To live is to suffer; to survive is to find meaning in your suffering. Nietzsche

At the end, order is restored, god is on his throne and all is right with the world. Fate is controlled by Nemesis; divine retribution – poetic justice.

Aristotelian plots are linear, progressing from a beginning, a middle and an end with various techniques of

Action Drama is based on the theatre of illusion where the characters imitate real life and the audience experiences the predicaments of the characters vicariously. By identifying emotionally and psychologically, we are seduced by the actors to identify, empathise with the characters and aroused by their terror to pity and fear (Pathos) to a state of Catharsis, releasing our tension, soothing, cleansing or purging our souls. This can be ephemeral with no lasting consequences.

Shakespeare’s plays are classified as Comedies, Tragedies, and Histories and differ greatly as to subject matter. So far as form is concerned, they are much alike. Notice the following common points;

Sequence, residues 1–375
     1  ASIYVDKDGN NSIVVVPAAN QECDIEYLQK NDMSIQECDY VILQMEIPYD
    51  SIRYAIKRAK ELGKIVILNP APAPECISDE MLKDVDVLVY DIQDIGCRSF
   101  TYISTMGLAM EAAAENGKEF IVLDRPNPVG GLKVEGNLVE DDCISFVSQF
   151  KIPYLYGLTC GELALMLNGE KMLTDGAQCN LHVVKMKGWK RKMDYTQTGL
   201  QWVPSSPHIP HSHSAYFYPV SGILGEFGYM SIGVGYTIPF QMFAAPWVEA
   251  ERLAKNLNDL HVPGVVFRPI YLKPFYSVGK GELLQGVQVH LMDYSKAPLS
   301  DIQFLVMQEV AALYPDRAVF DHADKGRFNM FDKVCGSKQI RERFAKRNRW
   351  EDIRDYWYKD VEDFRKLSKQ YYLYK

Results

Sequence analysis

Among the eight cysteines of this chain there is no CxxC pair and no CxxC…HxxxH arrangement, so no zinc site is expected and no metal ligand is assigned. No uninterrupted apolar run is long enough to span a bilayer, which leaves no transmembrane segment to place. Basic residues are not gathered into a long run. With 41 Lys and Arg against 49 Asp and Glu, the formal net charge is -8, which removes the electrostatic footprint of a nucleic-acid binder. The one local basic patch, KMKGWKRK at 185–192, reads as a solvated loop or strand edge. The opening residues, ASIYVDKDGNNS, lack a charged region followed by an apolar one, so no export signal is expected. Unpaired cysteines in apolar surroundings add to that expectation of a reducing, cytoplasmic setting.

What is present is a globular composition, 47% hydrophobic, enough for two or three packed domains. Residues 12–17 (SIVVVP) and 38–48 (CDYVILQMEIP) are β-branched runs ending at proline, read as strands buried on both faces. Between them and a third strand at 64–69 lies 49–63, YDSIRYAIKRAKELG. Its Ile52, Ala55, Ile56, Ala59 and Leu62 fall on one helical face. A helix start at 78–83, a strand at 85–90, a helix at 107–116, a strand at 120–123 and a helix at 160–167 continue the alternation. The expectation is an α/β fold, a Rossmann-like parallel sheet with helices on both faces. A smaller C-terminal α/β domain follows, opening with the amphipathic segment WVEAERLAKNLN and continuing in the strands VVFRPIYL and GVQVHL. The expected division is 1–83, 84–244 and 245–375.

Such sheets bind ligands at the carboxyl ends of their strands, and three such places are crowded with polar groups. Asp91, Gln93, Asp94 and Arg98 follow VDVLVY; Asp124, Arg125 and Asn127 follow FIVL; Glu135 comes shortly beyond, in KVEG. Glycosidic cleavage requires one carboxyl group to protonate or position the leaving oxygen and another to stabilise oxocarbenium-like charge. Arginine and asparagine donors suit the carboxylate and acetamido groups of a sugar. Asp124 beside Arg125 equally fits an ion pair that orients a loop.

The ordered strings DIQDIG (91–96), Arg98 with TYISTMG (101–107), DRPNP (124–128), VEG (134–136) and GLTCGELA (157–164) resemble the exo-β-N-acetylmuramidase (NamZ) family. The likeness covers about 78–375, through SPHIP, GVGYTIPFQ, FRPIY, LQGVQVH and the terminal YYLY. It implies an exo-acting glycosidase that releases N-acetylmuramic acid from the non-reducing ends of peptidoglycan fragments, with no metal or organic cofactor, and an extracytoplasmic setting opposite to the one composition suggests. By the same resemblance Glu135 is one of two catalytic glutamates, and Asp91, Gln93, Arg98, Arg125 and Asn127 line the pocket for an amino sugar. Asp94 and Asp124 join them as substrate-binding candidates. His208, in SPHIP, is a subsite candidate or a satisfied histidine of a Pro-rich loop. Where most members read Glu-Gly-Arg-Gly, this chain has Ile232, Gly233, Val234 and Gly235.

(1) Each consists of five acts. (Not designed by Shakespeare) (2) each has climax or turning point. (3) Usually there is a short introductory area which tells you the time and place of the play and something of the state of affairs in that place.
(4) In most of the plays there is one particular important character.

Shakespeare set most of his plays outside of England, perhaps to avoid the impression that he ws commenting on affairs at home. He has four Roman plays, Titus Andronicus, Julius Caesar, Antony and Cleopatra and Coriolanus.